Au earpluig providing for automatic adjustments of pressure variations and for attenuating undesirable interferences with sound communications to the ear comprising an elongated flexible resilient hollow shell defiuing'a closed chamber therein, said shell having undulations around its outer periphery and being adapted to fit into the auditory meatus of an ear thereby forming a tight seal therewith; a longitudinal airtight sound communicating channel member extending through the said chamber along its longitudinal axis; conduit means integrally formed with the outer surface of the shell; pumping means connected with the conduit means t-or pumping .fluid into the chamber of the shell whereby the shell is maintained tightly against the sides of the auditory meatus of the ear; valve means connected to the channel member for regulating pressure variations inside the ear and spring means located on the valve means for maintaining pressure inside the ear constant with ambient pressures.

References Cited in the file of this patent UNITED STATES PATENTS 2,437,490 Watson et al Mar. 9, 1948 2,529,562 Martin Nov. 14, 1950 2,876,767 Wasserman Mar. 10, 1959 2,934,160 Touson Apr. 26, 1960 In place of the flapper

Patent Citations
Cited PatentFiling datePublication dateApplicantTitle
US2437490 *Jun 26, 1942Mar 9, 1948Gales Robert SEar defender
US2529562 *Jan 2, 1947Nov 14, 1950Rca CorpAdjustable earpiece for receivers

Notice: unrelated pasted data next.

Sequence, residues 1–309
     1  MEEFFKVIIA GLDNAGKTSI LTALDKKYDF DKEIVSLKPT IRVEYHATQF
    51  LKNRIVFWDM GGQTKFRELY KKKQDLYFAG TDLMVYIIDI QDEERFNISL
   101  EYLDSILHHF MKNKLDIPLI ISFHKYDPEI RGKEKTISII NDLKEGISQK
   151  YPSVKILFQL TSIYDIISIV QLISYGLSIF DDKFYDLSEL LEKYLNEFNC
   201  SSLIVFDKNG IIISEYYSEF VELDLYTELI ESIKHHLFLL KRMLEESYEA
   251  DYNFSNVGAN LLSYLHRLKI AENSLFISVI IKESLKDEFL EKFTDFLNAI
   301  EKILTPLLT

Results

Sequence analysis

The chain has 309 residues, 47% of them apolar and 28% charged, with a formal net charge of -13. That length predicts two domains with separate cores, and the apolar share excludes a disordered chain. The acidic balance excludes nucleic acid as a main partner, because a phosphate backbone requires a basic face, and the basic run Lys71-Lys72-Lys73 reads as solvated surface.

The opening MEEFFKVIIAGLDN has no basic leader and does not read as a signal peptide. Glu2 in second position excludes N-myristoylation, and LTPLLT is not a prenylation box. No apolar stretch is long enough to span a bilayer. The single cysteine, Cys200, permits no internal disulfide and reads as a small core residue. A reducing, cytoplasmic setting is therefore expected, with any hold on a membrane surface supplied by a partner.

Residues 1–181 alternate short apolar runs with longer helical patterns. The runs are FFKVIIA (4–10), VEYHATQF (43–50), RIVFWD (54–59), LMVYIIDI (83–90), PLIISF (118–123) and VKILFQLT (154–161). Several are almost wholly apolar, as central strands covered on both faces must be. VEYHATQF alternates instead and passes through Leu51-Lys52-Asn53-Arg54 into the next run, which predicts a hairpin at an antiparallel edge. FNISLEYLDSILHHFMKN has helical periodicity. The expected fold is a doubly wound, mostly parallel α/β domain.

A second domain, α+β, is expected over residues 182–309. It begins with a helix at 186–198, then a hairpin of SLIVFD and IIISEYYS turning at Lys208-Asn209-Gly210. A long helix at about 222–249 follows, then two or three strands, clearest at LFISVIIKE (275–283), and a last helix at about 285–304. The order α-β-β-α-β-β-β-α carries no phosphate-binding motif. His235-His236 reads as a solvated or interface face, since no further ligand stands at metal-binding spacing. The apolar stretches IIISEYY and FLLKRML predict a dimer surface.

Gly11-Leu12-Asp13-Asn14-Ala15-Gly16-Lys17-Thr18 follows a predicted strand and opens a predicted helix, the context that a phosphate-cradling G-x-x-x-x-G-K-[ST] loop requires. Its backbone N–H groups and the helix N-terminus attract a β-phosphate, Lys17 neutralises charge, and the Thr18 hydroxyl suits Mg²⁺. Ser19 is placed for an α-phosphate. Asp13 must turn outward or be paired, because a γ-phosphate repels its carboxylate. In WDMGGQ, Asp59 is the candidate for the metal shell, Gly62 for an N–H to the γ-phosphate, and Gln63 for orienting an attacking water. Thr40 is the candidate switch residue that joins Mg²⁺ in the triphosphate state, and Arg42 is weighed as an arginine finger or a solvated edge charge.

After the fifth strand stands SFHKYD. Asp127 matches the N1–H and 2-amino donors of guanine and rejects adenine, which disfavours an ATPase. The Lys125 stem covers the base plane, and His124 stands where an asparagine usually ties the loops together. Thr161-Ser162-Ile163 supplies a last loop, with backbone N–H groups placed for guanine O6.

US2876767 *Nov 2, 1955Mar 10, 1959Nathan WassermanEar plug
US2934160 *May 6, 1957Apr 26, 1960Touson IsaacEarpiece
Referenced by
Citing PatentFiling datePublication dateApplicantTitle
US3736929 *Jul 9, 1970Jun 5, 1973Mills ASelf-shaping earplugs
US4133984 *Aug 3, 1977Jan 9, 1979Koken Co., Ltd.Plug-type hearing device
US4834211 *Feb 2, 1988May 30, 1989Kenneth BibbyAnchoring element for in-the-ear devices
US4860362 *Sep 8, 1987Aug 22, 1989Siemens Hearing Instruments, Inc.Hearing aid and method for making it
US4896380 *Jan 13, 1989Jan 30, 1990Shigeki KamitaniTo be used underwater
US4896679 *May 22, 1989Jan 30, 1990St Pierre Carol LMethod and apparatus for the exclusion of sound and water from the auditory canal
US4913165 *Jul 24, 1989Apr 3, 1990Michael FishgoytUnderwater eardrum protector
US5727566 *Dec 20, 1996Mar 17, 1998Howard S. Leight And Associates, Inc.Trackable earplug
US6089233 *Sep 29, 1998Jul 18, 2000Safe Dive Ltd.Diving mask supplemented with a device for equalizing pressure across the eardrum of divers
US6513621 *Aug 15, 2000Feb 4, 2003Doctors Research GroupMethod of producing and making use of ear tips having a filled airtight chamber
US8059851 *Aug 12, 2005Nov 15, 2011Anton PfannerHearing protection and/or loudspeaker element
US8221861 *May 5, 2008Jul 17, 2012Personics Holdings Inc.Earguard sealing system II: single-chamber systems
US8311258 *Mar 11, 2009Nov 13, 2012Cheng Uei Precision Industry Co., Ltd.Headset
US8550206May 31, 2012Oct 8, 2013Virginia Tech Intellectual Properties, Inc.Method and structure for achieving spectrum-tunable and uniform attenuation
US20100232636 *Mar 11, 2009Sep 16, 2010You-Ruei LinHeadset
US20110158456 *Dec 30, 2010Jun 30, 2011Voix JeremieHead-mounted device for settable compound delivery system for inflatable in-ear device
US20120103346 *Feb 16, 2010May 3, 2012Personics Holdings Inc/Earplug and pumping systems
US20120318605 *Jun 14, 2011Dec 20, 2012Thomas William BrownAdjustably attenuating ear plug
EP0786241A1 *Jan 7, 1997Jul 30, 1997Howard S. Leight and Associates, Inc.Trackable earplug
EP2309955A1 *Jul 6, 2009Apr 20, 2011Personics Holdings INC.Pressure regulating systems for expandable insertion devices
Classifications
U.S. Classification181/130, 128/865
International ClassificationA61F11/08
Cooperative ClassificationA61F11/10
European ClassificationA61F11/10